As it's the week of Chelsea Flower Show, I thought that I'd talk about this quick portrait for Micheal Palmer - a garden designer who has been working his magic at my home. He has been talking to my wife and I for a few months now to get the design right and finally we got the garden planted last week. I had promised to shoot a nice portrait of Mike in the garden and I plan to have another go on a nicer day but I thought that this would make an interesting technique example of what you can do on a dull evening if you use the right light.


I was interested in shooting this because, despite hundreds of my portraits being on line, this was my first attempt to shoot a portrait whose prime use was going to be on the internet (on Mike's website). I knew that I could get away with shooting at any ISO setting that I wanted and the available light teading was as low as 1/90th at f2.8 on 200 ISO but I am a creature of habit and I don't like shooting with flash at ISOs much over 400. There's no technical reason why I have this limit - just a lot of years thinking that I cannot get the right picture if I go too high!

The point of the picture is a portrait with a hint of what the garden that he designed (and planted) looks like. This is a small suburban garden and so there are no sweeping vistas or anything like that. I started with a Canon EOS5D MkII with a Canon 24-70 f2.8L lens and one Lumedyne head on a Manfrotto 001B stand with a shoot through Westcott umbrella. In the picture above left he is looking directly into the light which was placed about three metres away from him and on full (200 w/s) power with the centre of the light modifier just above being level with his eyes. I wanted the garden to show up and so I decided to increase the ISO to 320 and set the camera to expose the background at 1/90th of a second at f5.6 - meaning that without the flash, he would be about 1 1/2 stops under exposed as he was sitting under a dark leaved tree in interesting but fading evening light. Between him and the flash is another planted border which would help to cast a small shadow from the flash near his feet.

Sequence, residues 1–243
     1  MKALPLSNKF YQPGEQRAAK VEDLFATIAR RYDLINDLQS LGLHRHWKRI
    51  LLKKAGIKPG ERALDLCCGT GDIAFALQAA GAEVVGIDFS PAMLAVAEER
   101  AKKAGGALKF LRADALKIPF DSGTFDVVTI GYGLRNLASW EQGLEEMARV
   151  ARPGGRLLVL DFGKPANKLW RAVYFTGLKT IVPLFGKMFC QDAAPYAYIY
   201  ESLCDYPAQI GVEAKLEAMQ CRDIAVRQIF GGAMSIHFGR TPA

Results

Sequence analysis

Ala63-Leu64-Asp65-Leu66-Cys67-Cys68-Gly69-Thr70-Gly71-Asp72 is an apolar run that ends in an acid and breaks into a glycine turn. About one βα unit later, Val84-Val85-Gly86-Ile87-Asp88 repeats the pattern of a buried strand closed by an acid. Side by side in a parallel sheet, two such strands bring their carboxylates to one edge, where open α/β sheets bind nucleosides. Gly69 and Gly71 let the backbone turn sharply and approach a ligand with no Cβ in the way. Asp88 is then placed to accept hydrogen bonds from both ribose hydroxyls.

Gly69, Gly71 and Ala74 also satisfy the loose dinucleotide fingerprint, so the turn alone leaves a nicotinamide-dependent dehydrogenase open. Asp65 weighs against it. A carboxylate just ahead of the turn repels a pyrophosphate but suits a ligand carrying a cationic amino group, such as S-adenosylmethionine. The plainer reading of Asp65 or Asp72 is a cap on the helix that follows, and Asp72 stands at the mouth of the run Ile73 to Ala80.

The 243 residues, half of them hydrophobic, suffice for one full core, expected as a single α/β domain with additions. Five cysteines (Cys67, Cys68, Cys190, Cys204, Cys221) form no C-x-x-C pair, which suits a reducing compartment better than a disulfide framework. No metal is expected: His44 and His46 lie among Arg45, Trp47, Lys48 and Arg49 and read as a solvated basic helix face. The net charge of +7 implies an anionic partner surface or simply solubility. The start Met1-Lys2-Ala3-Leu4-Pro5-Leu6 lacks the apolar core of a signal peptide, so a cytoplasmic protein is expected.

The second picture above right is all about him and I moved the flash closer and turned the power down to 1/4 power (50 w/s). This meant that the lens was stopped down to f8 and I moved the shutter speed to 1/180th of a second to give the much darker background. The light was coming from the same angle and the combination of dark background and the larger (because it was closer) light source changed the mood of the picture. This was also on the 24-70 f2.8L lens - but right at the 70mm end. I also shot similar portraits with shutter speeds ranging from 1/45th to give a different feel in the background whilst keeping control of the light on the subject.

I couldn't do this technique example without including a picture of the garden...
© Neil Turner May 2009

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